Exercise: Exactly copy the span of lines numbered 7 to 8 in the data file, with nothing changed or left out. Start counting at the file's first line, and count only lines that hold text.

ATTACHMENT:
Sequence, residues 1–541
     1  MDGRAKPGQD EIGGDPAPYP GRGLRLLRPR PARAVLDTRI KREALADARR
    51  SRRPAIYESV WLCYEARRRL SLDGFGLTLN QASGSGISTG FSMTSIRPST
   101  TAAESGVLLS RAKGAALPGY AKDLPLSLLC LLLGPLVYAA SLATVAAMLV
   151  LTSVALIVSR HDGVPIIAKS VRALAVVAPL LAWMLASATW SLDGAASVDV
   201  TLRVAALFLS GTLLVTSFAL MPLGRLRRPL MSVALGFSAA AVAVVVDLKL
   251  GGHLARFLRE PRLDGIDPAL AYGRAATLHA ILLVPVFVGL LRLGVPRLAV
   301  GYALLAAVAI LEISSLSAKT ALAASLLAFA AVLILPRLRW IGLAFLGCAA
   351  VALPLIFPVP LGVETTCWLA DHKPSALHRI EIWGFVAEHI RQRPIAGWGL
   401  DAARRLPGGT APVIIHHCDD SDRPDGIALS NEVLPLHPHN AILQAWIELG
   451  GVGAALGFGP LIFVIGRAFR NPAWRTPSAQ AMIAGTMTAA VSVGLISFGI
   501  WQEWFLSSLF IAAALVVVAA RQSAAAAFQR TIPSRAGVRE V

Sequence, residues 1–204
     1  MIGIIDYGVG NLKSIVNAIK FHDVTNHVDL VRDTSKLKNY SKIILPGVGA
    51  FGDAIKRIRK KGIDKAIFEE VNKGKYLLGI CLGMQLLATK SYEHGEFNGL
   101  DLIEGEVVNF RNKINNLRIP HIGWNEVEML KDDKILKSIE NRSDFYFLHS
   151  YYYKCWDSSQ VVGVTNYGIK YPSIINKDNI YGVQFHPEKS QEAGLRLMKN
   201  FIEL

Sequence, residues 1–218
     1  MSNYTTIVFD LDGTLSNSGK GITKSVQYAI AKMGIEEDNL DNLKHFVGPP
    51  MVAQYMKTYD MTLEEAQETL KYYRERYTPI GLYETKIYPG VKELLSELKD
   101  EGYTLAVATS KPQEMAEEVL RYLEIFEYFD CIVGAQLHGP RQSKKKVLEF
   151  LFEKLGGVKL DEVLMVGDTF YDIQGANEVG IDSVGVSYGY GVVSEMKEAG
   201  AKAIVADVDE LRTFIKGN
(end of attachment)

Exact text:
   251  GGHLARFLRE PRLDGIDPAL AYGRAATLHA ILLVPVFVGL LRLGVPRLAV
   301  GYALLAAVAI LEISSLSAKT ALAASLLAFA AVLILPRLRW IGLAFLGCAA